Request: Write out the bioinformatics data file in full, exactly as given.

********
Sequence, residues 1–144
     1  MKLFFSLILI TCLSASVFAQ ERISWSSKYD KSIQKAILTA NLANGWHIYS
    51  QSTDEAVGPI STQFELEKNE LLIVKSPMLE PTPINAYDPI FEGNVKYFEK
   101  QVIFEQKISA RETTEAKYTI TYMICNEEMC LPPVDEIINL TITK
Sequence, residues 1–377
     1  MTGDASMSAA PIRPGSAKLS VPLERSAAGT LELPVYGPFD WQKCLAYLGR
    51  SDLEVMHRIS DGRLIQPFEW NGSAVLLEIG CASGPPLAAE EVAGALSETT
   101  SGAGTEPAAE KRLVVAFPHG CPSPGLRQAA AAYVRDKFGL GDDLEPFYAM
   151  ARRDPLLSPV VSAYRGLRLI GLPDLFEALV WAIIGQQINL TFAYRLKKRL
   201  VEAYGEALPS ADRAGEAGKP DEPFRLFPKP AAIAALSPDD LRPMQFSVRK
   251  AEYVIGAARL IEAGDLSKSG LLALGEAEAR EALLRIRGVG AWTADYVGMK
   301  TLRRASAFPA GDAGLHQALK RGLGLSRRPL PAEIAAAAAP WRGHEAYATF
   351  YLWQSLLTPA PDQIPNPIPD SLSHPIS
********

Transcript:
Sequence, residues 1–144
     1  MKLFFSLILI TCLSASVFAQ ERISWSSKYD KSIQKAILTA NLANGWHIYS
    51  QSTDEAVGPI STQFELEKNE LLIVKSPMLE PTPINAYDPI FEGNVKYFEK
   101  QVIFEQKISA RETTEAKYTI TYMICNEEMC LPPVDEIINL TITK
Sequence, residues 1–377
     1  MTGDASMSAA PIRPGSAKLS VPLERSAAGT LELPVYGPFD WQKCLAYLGR
    51  SDLEVMHRIS DGRLIQPFEW NGSAVLLEIG CASGPPLAAE EVAGALSETT
   101  SGAGTEPAAE KRLVVAFPHG CPSPGLRQAA AAYVRDKFGL GDDLEPFYAM
   151  ARRDPLLSPV VSAYRGLRLI GLPDLFEALV WAIIGQQINL TFAYRLKKRL
   201  VEAYGEALPS ADRAGEAGKP DEPFRLFPKP AAIAALSPDD LRPMQFSVRK
   251  AEYVIGAARL IEAGDLSKSG LLALGEAEAR EALLRIRGVG AWTADYVGMK
   301  TLRRASAFPA GDAGLHQALK RGLGLSRRPL PAEIAAAAAP WRGHEAYATF
   351  YLWQSLLTPA PDQIPNPIPD SLSHPIS